33 Following

Pants' Books & Stuff!

Hi there! I imagine you must be wondering what the heck is up with my blog name. The short answer is, Pants has become my internet handle in a lot of places where I hang out (somehow). I mainly read YA and comics, and I also frequently read speculative fiction of pretty much any kind. My other hobbies include watching anime and playing video games. Other random tidbits: I have a Bachelor's degree in English Literature and a Masters in Library and Information Sciences. I also have an affinity for tea.
A Spy in the House  - Y.S. Lee (Original review posted on my livejournal account: http://intoyourlungs.livejournal.com/31710.html)

Why I Read It: I've heard great things about this series around the YA blogosphere and it sounds kind of fun: Victorian England, mystery, teenaged spies!! So when I found it in the kobo store for $2.99, I couldn't resist picking it up. It sat unread in my kobo for awhile, but I had plenty of time to read while on vacation, so read it I did. :)

You know when you read a book and you feel completely and totally ambivalent about it and then you go to write a review and you really don't know what to write? That's how I feel right now. Now, I didn't DISLIKE the book, but this was definitely a case of Like Not Love, so I apologize in advance if this review is really vague.

I think I'll go over each aspect of the book individually: characters, plot, and writing and just make some general comments.

So, the characters. Mary Quinn is definitely a strong and able heroine, though she's not without her flaws. While she's incredibly intelligent, she's also a little too quick to action and takes matters into her own hands when they should left in more able ones. I mostly liked Mary. She's fairly well-rounded and she's never completely UNlikable. She has some moments with James when I kind of wanted to shake her, but they were few and far between. The romance between her and James was above par, and there were some moments that had me chuckling a bit (like when she punches him in the face -- that was funny), but the two drove me nuts sometimes. I'm also glad these two didn't have a Happily Ever After, but it wasn't a tragic affair either when they kind of had to end things. The one thing that was kind of disappointing about Mary (for me), was that I already knew a pretty important detail about her that's kept secret for a good chunk of the book so that when it was finally revealed, I was surprised that I wasn't supposed to know that already. But that's obviously by no fault of the author.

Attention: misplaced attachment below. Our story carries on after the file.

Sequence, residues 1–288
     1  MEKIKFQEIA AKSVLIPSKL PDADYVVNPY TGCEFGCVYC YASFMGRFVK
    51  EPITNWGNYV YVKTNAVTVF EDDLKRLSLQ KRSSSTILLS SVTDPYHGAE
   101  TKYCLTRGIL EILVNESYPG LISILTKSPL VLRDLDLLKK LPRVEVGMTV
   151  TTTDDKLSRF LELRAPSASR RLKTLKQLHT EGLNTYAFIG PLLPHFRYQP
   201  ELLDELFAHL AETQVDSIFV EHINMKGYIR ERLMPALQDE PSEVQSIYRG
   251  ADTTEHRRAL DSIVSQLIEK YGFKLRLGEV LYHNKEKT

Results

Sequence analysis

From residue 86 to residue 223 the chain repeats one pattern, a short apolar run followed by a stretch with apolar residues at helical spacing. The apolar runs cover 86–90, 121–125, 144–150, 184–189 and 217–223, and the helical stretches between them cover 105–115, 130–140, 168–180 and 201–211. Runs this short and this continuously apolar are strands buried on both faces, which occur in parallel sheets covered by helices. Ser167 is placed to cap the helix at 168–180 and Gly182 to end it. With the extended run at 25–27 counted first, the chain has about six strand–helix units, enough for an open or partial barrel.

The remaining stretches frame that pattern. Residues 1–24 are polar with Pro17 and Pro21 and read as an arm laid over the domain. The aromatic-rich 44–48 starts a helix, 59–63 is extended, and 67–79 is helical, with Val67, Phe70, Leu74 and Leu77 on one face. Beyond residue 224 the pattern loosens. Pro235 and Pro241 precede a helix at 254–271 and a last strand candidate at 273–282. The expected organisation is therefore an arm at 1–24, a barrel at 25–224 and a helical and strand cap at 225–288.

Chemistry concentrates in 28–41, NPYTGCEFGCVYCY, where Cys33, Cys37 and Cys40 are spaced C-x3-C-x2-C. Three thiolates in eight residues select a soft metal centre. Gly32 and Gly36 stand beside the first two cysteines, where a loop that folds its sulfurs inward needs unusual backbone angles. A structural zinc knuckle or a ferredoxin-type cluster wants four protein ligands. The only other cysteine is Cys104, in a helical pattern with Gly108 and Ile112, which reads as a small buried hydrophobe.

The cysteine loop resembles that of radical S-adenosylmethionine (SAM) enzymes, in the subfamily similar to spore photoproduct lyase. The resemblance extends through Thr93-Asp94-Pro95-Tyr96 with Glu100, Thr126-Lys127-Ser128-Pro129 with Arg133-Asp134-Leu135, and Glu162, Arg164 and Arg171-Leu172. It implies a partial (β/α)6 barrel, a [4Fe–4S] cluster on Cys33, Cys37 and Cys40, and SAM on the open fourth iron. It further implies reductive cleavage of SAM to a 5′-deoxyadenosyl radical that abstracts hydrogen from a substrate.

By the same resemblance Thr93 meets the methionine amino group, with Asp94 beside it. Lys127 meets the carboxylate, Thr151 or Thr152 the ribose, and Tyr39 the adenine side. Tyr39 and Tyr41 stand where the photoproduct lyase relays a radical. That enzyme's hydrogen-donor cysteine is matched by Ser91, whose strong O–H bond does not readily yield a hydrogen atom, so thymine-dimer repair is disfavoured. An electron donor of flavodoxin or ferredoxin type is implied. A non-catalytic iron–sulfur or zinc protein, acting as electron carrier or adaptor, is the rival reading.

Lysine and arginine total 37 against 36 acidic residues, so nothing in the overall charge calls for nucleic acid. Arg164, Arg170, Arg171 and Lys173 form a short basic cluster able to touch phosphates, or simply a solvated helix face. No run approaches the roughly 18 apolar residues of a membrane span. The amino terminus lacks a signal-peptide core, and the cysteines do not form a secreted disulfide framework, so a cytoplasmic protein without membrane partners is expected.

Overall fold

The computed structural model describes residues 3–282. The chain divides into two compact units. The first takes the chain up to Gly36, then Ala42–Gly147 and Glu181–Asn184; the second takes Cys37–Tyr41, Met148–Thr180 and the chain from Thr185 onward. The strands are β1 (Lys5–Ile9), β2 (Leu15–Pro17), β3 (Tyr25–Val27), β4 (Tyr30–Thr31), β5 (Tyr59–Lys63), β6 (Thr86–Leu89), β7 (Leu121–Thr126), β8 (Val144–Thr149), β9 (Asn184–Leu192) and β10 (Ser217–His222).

As for side-characters, we have the family that Mary is assigned to spy on. Angela, coming from a rich family and all, was obviously a brat and she treats Mary pretty horribly at some points (though there's a bit of a bigger reason behind WHY she's mean to her that you don't find out about until later), and while they don't dislike each other by the end of the novel, they're not BFFs either, which I kind of liked -- it felt more realistic. There are a few other supporting characters, but I don't want to say too much about them at the risk of giving too much away.

The plot of the story is I think where the Like (as opposed to Love) really comes in. It's a mystery, which is nice to see in YA because there's not a whole lot of it, but it's kind of slow moving. Mary has a bit of a hard time finding out clues in regards to assignment, and while she IS finding things throughout the course of the plot that later become important, they don't feel important at the time, thus they feel trivial, thus the plot itself feels kind of trivial and tedious. It WAS kind of neat how a lot of things came together in the end though -- I just wish it had been slightly more exciting getting to that point. Thankfully though, the mystery was not ridiculously easy to solve. Like I said, there are clues peppered here and there that get to cranks turning, but it never felt obvious to me.

One of my other niggles at the plot was the issue of suspending my disbelief, mostly in regards to The Academy. See, it's run by two principals who also run an all-girls school where they foster these women to be independent and educated. While all this is well and good, it's also just a vehicle and kind of cheap plot device to make it plausible to have a character like Mary Quinn: a girl who goes against societal expectations of what women are expected to do and be capable of. BUT, it does make for fun and light reading, and I'm all for girls wanting to be independent and to NOT want to be housewives or teachers or whatever.

As for the writing, it's nothing spectacular, but it gets the job done. It's very transparent and to the point which is perfectly fine for this kind of story, so overall, no complaints.

Final Judgment: I'm not exactly sure why, but this book was a Like Not Love reading affair. However, don't let that deter you from reading this, because it really is a fun and fairly breezy read. It's got a pretty cool heroine and she has a pretty cool love interest, and their romance was mostly cute and fun to watch even if I wanted to shake the two of them sometimes. The plot itself is a fun mystery that never felt super obvious to me, but I found it a little slow-moving in the beginning. However, all the small little details that felt trivial at first DO become important later on, so it wasn't all for nothing. While I found the idea of The Academy fun, it also felt kind of like a cheap plot device to make Mary more forward thinking than people from her time would typically be, but it didn't ruin my enjoyment of the book either. I recommend this to those are looking for a fun historical fiction YA.